Much like Google Ads, the most common bid strategy for social media is cost per click (CPC); although some businesses choose the cost per mille (CPM) method where you essentially pay for the number of impressions (views) your ad gets. The CPM method can be advantageous for brand awareness campaigns. You can look at the potential effect of different bidding strategies as you are setting up social media marketing campaigns.

Retargeting / Remarketing

Social media advertising, email marketing, and display ads all work extremely well for retargeting strategies. Retargeting is basically a marketing campaign that launches based on a user’s previous behavior. For example, you can trigger ads for specific people on Facebook based on what they did on your site. So if a person visits your site, places an item in a cart, but does not complete the purchase, you can have an ad served on Facebook for that product and/or send the visitor a personalized reminder email to come back and complete the purchase.

While the terms “retargeting” and “remarketing” are sometimes used interchangeably, the main difference is retargeting is mostly about serving ads to potential customers based on cookies while remarketing is usually based on email. 

3. Measure and Optimize

One of the most important aspects of digital marketing is having a mechanism to measure success and there are several tools you can integrate into your digital properties. While Adobe Analytics, Chartbeat, and Decibel are all good paid solutions, Google Analytics is a free digital analytics solution and the most-used analytics package in the world. According to Nerdy Data, there are 3.4 million instances of Google Analytics installed across the web.

One the most important aspects of a digital analytics tool Google Analytics is its ability to measure the effectiveness of your marketing channels. Marketing channels are the various ways visitors get to your digital property (SEO, SEM, social, etc). For example, using the UTM codes mentioned earlier, you can track social media channels to their conversion points and you can see how different social media posts result in different online behaviors. Google Analytics also allows you to measure other important online behaviors for your properties like:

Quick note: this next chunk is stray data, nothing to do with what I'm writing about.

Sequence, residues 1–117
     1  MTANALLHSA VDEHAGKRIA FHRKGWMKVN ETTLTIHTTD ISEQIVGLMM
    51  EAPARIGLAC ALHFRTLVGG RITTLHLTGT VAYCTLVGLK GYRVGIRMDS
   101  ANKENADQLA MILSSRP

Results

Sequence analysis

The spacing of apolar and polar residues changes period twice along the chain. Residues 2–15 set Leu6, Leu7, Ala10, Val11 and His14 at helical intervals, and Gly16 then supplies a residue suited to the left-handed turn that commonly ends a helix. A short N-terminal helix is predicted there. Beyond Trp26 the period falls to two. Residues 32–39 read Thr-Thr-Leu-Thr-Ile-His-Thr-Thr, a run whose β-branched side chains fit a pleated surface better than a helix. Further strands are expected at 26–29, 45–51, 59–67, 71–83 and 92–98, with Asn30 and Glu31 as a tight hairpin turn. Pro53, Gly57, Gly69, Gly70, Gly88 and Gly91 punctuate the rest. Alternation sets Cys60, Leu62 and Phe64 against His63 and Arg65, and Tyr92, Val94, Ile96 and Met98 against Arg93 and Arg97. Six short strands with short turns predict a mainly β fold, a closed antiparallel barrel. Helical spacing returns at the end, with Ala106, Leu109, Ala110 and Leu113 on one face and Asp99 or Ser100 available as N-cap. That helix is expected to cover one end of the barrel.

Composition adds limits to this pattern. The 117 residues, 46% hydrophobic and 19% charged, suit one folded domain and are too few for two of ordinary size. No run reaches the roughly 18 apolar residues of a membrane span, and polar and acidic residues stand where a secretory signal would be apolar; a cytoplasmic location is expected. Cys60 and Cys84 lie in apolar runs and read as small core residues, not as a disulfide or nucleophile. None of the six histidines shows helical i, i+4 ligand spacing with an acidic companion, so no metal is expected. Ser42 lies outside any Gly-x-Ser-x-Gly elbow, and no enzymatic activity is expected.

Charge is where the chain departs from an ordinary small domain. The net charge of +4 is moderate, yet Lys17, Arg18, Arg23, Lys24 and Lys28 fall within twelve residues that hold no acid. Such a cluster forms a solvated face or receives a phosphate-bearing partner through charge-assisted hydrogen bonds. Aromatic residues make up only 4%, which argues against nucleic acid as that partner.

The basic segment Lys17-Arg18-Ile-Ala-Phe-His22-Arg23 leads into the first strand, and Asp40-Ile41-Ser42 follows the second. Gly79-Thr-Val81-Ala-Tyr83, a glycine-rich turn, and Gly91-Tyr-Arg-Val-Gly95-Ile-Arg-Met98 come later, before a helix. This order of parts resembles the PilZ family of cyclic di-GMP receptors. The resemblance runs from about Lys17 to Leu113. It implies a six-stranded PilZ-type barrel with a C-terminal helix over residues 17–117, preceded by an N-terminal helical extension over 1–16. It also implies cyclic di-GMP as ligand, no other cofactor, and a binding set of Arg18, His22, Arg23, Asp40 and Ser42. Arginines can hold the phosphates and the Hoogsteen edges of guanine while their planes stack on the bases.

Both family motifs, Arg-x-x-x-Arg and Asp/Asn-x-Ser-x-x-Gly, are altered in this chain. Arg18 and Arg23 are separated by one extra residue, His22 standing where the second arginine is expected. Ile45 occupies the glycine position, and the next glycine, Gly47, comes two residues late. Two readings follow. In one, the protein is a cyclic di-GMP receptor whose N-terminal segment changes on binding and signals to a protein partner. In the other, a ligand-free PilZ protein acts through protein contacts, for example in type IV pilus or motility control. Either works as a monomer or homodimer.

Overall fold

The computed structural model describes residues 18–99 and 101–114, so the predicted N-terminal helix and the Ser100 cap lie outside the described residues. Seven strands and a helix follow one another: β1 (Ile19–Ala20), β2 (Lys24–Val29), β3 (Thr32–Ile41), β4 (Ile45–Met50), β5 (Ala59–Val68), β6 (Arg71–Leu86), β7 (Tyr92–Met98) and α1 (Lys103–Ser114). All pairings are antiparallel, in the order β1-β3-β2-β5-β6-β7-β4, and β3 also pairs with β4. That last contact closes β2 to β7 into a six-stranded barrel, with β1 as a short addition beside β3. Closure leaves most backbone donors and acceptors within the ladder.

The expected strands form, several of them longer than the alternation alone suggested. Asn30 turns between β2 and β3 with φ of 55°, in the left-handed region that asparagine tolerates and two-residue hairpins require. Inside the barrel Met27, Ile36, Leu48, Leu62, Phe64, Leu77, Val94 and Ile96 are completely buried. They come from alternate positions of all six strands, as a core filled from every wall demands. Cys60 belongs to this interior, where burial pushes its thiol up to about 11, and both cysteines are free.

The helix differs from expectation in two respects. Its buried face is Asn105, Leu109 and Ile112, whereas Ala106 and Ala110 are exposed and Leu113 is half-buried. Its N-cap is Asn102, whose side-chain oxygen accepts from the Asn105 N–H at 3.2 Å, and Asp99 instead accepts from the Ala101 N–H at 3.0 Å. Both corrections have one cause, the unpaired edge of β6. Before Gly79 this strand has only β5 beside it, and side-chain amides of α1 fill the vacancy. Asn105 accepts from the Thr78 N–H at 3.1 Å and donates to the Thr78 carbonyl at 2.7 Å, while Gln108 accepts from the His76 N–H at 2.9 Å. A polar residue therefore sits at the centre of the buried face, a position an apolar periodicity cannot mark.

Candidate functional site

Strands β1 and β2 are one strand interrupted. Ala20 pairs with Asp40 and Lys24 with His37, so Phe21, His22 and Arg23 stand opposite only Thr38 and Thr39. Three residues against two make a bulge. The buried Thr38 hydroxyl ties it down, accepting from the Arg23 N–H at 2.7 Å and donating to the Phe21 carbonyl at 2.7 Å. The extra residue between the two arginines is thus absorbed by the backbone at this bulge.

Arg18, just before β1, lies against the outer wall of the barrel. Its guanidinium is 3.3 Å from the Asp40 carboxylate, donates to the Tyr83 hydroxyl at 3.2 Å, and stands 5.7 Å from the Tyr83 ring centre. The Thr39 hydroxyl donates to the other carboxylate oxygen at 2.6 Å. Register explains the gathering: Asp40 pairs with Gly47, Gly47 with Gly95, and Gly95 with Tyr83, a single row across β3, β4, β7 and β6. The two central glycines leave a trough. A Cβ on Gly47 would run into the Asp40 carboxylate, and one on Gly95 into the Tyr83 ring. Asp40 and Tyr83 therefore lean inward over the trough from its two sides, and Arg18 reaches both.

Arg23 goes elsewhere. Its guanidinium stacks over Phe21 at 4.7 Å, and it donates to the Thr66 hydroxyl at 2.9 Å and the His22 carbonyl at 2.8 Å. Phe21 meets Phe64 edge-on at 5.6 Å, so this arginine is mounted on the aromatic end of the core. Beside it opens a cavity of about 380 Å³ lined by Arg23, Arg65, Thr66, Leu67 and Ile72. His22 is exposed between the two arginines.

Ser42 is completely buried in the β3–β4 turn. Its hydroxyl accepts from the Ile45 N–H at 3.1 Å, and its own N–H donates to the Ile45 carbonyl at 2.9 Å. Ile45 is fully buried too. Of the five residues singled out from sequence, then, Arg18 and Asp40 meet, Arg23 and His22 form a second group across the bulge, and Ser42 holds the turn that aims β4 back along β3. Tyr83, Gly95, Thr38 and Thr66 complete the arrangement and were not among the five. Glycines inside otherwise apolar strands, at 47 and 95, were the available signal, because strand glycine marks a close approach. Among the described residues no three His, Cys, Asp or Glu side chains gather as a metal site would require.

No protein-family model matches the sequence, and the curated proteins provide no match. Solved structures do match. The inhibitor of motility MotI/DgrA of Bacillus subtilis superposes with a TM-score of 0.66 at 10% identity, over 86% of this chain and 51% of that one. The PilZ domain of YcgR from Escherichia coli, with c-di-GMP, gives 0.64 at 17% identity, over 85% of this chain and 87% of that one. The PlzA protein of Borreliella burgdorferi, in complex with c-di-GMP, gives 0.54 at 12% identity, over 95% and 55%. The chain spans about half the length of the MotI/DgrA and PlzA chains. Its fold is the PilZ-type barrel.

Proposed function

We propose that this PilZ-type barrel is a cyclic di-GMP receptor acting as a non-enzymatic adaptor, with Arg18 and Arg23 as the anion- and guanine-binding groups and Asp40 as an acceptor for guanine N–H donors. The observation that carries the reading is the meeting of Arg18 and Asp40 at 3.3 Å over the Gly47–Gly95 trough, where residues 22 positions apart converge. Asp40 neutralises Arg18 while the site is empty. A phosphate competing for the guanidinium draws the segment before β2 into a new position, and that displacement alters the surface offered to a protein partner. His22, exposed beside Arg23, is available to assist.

• How many times were specific pages visited?
  • What was the average time spent on a specific page?
  • How many times did visitors leave a specific page without any other site interactions?

Wrap Up

The key to digital marketing for your startup is the proper planning and precise execution of top and mid funnel marketing strategies. Start your marketing plans by creating empathy maps to and building personas that represent your potential customers. Understand your business objectives, and let those inform your marketing objectives. Use your marketing objectives to guide your marketing strategies.

The top of funnel (awareness and consideration) marketing strategies we covered included search engine optimization, content marketing, influencer marketing, and display advertising. The mid-funnel (conversion) marketing strategies we covered included search engine marketing, social media advertising, and retargeting.

Remember that proper measurement is a mandatory component to any of your marketing efforts. Measurement advises how your current efforts are performing and informs you how to proceed with future marketing strategies.

Lastly, startups need an effective way to select and integrate the digital marketing tools they will need. Gathering your marketing tools under one umbrella creates what is often referred to as a marketing technology stack (or martech stack). While companies like Mailchimp, Hubspot, and Constant Contact are excellent email service providers, they are also fully integrated digital marketing platforms that allow you to manage almost every aspect of your digital marketing strategies in one place. Companies like these are excellent ways to gain a prebuilt martech stack.